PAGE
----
Many things fell by the wayside this year. And when I say 'fell', I mean we clung onto them with naïve optimism until it was impossible to hold on any longer.
We held onto our holiday plans and told ourselves ‘it was too soon to call it’. Then the travel ban was imposed and we were suddenly confronted with the prospect of *summering* in Sydney not Sorrento - god forbid.
We held onto event plans until there were restrictions imposed on the number of people who could attend, and then we put them on the back-burner too.
We also let the routines and habits that steered our lives drop off as well.
Listen to Mamamia Outloud where Mia, Holly and Jessie discuss how we all now have a fear of going out. Post continues after podcast.
But even though we had to let these things go, there was always a sense that we’d pick them back up once this is all over. That we’ll start where we left off when this was done.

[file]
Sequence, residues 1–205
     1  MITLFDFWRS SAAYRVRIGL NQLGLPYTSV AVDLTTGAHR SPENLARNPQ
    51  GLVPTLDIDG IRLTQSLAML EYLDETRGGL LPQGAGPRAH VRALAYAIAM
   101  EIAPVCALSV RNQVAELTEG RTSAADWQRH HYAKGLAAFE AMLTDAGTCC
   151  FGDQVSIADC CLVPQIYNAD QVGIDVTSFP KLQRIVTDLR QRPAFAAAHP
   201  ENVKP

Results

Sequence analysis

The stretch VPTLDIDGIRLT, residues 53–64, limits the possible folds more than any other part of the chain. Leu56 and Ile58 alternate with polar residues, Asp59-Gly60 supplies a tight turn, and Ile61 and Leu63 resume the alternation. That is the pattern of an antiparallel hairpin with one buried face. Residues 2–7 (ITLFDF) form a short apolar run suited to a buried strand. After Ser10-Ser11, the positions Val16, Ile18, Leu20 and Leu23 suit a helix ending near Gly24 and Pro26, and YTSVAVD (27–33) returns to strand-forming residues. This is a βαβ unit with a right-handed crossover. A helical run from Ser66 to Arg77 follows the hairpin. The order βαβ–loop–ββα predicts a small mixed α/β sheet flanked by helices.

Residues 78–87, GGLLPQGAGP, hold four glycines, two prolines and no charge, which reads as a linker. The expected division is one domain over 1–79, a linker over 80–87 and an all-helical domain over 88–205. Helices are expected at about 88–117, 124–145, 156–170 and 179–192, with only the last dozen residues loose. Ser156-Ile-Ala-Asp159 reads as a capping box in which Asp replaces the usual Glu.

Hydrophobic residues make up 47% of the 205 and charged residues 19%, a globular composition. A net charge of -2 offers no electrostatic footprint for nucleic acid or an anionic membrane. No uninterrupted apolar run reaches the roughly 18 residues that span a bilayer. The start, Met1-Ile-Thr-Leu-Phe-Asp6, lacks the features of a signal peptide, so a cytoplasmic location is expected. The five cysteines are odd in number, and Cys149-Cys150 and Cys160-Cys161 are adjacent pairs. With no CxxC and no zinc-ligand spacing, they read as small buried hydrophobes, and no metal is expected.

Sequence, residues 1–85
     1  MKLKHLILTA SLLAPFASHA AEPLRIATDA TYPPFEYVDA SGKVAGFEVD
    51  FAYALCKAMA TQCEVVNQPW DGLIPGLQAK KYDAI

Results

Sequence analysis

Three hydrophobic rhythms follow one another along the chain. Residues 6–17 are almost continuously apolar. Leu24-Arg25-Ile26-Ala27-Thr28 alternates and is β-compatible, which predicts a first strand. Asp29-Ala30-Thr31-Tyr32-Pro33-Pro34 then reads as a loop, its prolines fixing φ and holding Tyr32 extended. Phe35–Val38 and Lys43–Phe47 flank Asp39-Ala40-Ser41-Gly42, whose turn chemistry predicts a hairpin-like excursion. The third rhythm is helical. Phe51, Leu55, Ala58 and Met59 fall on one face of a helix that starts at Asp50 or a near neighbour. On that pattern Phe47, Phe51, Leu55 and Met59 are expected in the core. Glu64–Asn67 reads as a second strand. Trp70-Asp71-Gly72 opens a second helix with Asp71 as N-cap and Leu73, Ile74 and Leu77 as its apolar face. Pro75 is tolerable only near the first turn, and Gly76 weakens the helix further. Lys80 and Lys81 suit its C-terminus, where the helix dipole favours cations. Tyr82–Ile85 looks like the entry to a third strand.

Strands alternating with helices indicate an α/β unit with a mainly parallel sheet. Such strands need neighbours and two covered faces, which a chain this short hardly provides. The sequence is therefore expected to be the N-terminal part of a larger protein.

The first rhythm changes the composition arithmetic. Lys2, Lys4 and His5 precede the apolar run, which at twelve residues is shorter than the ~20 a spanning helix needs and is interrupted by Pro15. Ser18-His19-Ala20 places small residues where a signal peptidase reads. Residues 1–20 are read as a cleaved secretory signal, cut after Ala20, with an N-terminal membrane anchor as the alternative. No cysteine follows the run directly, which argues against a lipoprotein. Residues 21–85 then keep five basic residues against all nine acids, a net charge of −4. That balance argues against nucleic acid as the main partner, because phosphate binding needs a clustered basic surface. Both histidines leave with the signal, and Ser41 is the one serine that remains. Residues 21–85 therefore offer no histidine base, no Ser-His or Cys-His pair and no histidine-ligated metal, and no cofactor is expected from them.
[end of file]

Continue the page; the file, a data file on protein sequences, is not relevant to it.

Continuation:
But what about the things that you’re happy to leave behind?
Rigid working hours, probably?
The daily commute, perhaps.
Social obligations, definitely.
Friendships that have been sustained over multiple years due to convenience and comfort but not shared values, interests and aspirations?
Alas, it is here we begin the story.
You see, the pandemic has widely been reported to have taken a toll on relationships and friendships. As interactions become more virtual, relationships with loved ones were strained and connections required more effort in order to stay afloat.
When stress was high and our minds fatigued, we had a limited budget of social energy to spend and so were put in a position where we had to choose carefully who to spend it on.
We always do have this choice of who we surround ourselves with, but it’s not always laid out this clearly.
We came to realise who we wanted to talk to, comfort and support during this time, and who wanted to do the same for us in return. Like with any major life change, it becomes apparent fairly quickly who is willing to share your pain with you.
When the world devolved into utter chaos and the structures that held life together rendered meaningless, I looked for meaning within my immediate vicinity.